US 5065374 A
The watch case of this invention includes a caseband-bezel formed of solid leather. According to one method of manufacture one begins with a blank of leather having dimensions slightly greater than those of the finished article such blank being subjected to the following operations in succession: drying, impregnation, hardening, machining to final tolerances and finishing.
Natural or reconstituted leather may be employed.
1. A watch case having a caseband, a bezel, a back cover and a glass fixed to said bezel, said watch case enclosing a movement onto which a dial is superposed, characterized in that at least one element of the group of elements consisting of said caseband bezel and dial is formed of solid leather and said bezel is formed of leather.
2. A watch case as claimed in claim 1 wherein said leather exhibits a porous structure sealed by an organic impregnating material having a hardness greater than that of the leather.
3. A watch case as claimed in claim 1 wherein said one element is formed by a single thickness of leather.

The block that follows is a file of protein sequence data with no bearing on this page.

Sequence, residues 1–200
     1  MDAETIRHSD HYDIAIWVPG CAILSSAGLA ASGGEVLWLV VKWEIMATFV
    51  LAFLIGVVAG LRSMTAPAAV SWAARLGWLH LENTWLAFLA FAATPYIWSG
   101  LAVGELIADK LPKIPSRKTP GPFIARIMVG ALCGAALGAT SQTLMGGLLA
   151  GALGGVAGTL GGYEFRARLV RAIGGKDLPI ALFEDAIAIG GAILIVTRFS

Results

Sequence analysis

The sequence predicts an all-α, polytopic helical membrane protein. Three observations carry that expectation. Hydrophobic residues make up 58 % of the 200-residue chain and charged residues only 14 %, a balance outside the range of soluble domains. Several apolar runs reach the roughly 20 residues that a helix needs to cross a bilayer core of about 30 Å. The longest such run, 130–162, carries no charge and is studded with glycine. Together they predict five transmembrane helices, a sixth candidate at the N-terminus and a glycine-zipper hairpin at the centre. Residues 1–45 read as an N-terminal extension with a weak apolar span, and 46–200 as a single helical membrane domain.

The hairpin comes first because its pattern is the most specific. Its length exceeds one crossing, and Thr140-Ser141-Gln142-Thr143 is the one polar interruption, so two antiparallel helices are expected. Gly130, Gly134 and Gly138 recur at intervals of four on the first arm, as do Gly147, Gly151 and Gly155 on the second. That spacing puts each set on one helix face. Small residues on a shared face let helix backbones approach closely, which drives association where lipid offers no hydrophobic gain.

4. A watch case as claimed in claim 1 wherein said one element is formed by at least two thicknesses of leather glued to one another.
5. A watch case as claimed in claim 1 wherein said caseband and said bezel are formed of leather.
6. A watch case as claimed in claim 1 wherein said leather is natural leather.
7. A watch case as claimed in claim 1 wherein said leather is reconstituted leather.
8. A watch case as claimed in claim 1 wherein said caseband and said bezel comprise an integral structure formed from solid leather.
9. A watch as claimed in claim 1 wherein one element of said group of elements is formed of natural leather and another element of said group of elements is formed of reconstituted leather.
10. A watch case as claimed in claim 1 wherein said caseband, bezel and dial are integrally formed of leather.
11. A watch case as claimed in claim 1 wherein said caseband and said bezel are formed of leather and said dial is interposed between said caseband and said bezel.
12. A watch case as claimed in claim 11 wherein said dial is a metal dial extending beyond the watch case and having means for fastening a bracelet thereto.
13. A watch case as claimed in claim 11 wherein said dial is flush with an outer periphery of said caseband and exhibits a visible section coated with a decorative layer.
14. A watch case as claimed in claim 11 wherein said caseband bears a metallic insert which serves as a support for said movement and as a fastening means for a bracelet.
This invention concerns a watch case.